By the energism of Consciousness Brahman is massed; from that: Matter is born and from Matter Life and Mind and the worlds . . .

In another Hindu scripture, it is stated that when Brahma awakened from his period of rest between manifestations, he desired to contemplate himself as he is. By gazing into the awakening matter particles as into a mirror, he stirred them to exhibit their latent divine qualities. Since this process involves a continuous unfoldment from the center within, an ever-becoming, there can never be an end to the creativity — universal “days” comprising trillions of our human years, followed by a like number of resting “nights.”

We feel within ourselves the same driving urge to grow that runs through the entire, widespread universe, to express more and more of what is locked up in the formless or subjective realm of Be-ness, awaiting the magic moment to come awake in our phase of life.

Tibetan metaphysics embraces all of this in discussing Sunyata, which can be viewed as Emptiness if we use only our outer senses, or as Fullness if we inwardly perceive it to be full of energies of limitless ranges of wave-lengths/frequencies. This latter aspect of Space is the great mother of all, ever fecund, from whose “heart” emerge endless varieties of beings, endless forces, ever-changing variations — like the pulsing energies the new physicists perceive nuclear subparticles to be.

In the Preface to his Tao of physics Fritjof Capra tells how one summer afternoon he had a transforming experience by the seashore as he watched the waves rolling in and felt the rhythm of his own breathing. He saw dancing motes revealed in a beam of sunlight; particles of energy vibrating as molecules and atoms; cascades of energy pouring down upon us from outer space. All of this coming and going, appearing and disappearing, he equated with the Indian concept of the dance of Siva . . . he felt its rhythm, “heard” its sound, and knew himself to be a part of it. Through this highly personal, indeed mystical, experience Capra became aware of his “whole environment as being engaged in a gigantic cosmic dance.”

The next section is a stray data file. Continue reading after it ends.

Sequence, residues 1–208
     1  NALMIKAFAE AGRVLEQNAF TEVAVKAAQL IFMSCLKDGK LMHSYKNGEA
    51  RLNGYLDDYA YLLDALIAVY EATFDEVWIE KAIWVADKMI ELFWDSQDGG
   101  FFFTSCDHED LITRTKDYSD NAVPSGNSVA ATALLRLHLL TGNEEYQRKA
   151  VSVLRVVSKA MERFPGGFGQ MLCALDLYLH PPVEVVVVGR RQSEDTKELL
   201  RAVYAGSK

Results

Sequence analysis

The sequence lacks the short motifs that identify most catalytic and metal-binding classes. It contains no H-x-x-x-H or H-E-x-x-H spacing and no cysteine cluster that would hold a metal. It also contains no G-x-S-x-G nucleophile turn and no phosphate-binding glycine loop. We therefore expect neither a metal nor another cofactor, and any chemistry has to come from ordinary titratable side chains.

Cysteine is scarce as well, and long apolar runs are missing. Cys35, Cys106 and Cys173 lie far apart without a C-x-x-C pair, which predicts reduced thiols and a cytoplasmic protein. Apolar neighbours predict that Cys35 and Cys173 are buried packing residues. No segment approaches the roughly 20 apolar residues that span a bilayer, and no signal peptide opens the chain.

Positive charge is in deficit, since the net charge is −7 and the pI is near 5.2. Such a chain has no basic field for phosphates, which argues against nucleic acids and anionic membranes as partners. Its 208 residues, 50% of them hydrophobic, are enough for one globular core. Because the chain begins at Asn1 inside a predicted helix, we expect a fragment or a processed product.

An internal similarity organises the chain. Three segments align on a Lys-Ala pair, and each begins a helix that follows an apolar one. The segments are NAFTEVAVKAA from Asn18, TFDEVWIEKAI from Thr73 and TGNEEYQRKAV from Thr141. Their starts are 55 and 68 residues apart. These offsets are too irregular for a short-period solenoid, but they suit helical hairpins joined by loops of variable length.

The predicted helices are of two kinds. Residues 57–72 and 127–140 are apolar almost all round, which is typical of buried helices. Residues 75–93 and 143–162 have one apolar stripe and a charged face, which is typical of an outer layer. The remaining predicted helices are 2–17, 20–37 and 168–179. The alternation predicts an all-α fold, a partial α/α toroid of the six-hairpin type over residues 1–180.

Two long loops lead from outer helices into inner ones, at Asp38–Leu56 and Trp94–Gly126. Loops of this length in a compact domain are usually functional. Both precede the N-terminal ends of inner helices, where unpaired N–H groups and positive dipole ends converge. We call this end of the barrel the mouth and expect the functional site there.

This is the gist of the old Chinese approach to physics: students were taught gravitation by observing the petals of a flower as they fall gracefully to the ground. As Gary Zukav expresses it in his Dancing Wu Li Masters: An Overview of the New Physics:

The world of particle physics is a world of sparkling energy forever dancing with itself in the form of its particles as they twinkle in and out of existence, collide, transmute, and disappear again.

That is: the dance of Siva is the dance of attraction and repulsion between charged particles of the electromagnetic force. This is a kind of “transcendental” physics, going beyond the “world of opposites” and approaching a mystical view of the larger Reality that is to our perceptions an invisible foundation of what we call “physical reality.” It is so far beyond the capacity or vocabulary of the mechanically rational part of our mind to define, that the profound Hindu scripture Isa Upanishad prefers to suggest the thought by a paradox:

तदेजति तन्नैजति तद्दूरे तद्वन्तिके ।
तदन्तरस्य सर्वस्य तदु सर्वस्यास्य बाह्यतः ॥

tadejati tannaijati taddūre tadvantike |
tadantarasya sarvasya tadu sarvasyāsya bāhyataḥ ||

It moves. It moves not.  It is far, and it is near. It is within all this, And It is verily outside of all this.

Indeed, there is a growing recognition mostly by younger physicists that consciousness is more than another word for awareness, more than a by-product of cellular activity (or of atomic or subatomic vibrations). For instance, Jack Sarfatti, a quantum physicist, says that signals pulsating through space provide instant communication between all parts of the cosmos. “These signals can be likened to pulses of nerve cells of a great cosmic brain that permeates all parts of space (Michael Talbot, Mysticism and the New Physics).” Michael Talbot quotes Sir James Jeans’ remark, “the universe is more like a giant thought than a giant machine,” commenting that the “substance of the great thought is consciousness” which pervades all space. Or as Schrödinger would have it:

Consciouness is never experienced in the plural, only in the singular….Consciouness is a singular of which the plural is unknown; that; there is only one thing and that, what seems to be a plurality is merely a series of different aspects of this one thing, produced by a deception (the Indian Maya).